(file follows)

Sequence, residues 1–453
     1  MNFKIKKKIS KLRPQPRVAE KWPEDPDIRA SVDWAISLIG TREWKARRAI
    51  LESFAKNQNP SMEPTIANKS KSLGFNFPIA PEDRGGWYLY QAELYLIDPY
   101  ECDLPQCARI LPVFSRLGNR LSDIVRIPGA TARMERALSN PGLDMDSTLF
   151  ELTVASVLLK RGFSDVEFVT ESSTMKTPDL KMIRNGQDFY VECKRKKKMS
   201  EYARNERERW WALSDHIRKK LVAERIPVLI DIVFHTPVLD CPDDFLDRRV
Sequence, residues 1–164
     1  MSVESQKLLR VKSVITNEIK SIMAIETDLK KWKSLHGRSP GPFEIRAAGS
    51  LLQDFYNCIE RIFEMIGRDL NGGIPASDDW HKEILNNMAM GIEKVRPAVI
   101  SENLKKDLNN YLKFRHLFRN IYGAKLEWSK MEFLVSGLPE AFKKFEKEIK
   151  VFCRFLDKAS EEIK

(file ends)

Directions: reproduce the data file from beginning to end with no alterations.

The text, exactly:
Sequence, residues 1–453
     1  MNFKIKKKIS KLRPQPRVAE KWPEDPDIRA SVDWAISLIG TREWKARRAI
    51  LESFAKNQNP SMEPTIANKS KSLGFNFPIA PEDRGGWYLY QAELYLIDPY
   101  ECDLPQCARI LPVFSRLGNR LSDIVRIPGA TARMERALSN PGLDMDSTLF
   151  ELTVASVLLK RGFSDVEFVT ESSTMKTPDL KMIRNGQDFY VECKRKKKMS
   201  EYARNERERW WALSDHIRKK LVAERIPVLI DIVFHTPVLD CPDDFLDRRV
Sequence, residues 1–164
     1  MSVESQKLLR VKSVITNEIK SIMAIETDLK KWKSLHGRSP GPFEIRAAGS
    51  LLQDFYNCIE RIFEMIGRDL NGGIPASDDW HKEILNNMAM GIEKVRPAVI
   101  SENLKKDLNN YLKFRHLFRN IYGAKLEWSK MEFLVSGLPE AFKKFEKEIK
   151  VFCRFLDKAS EEIK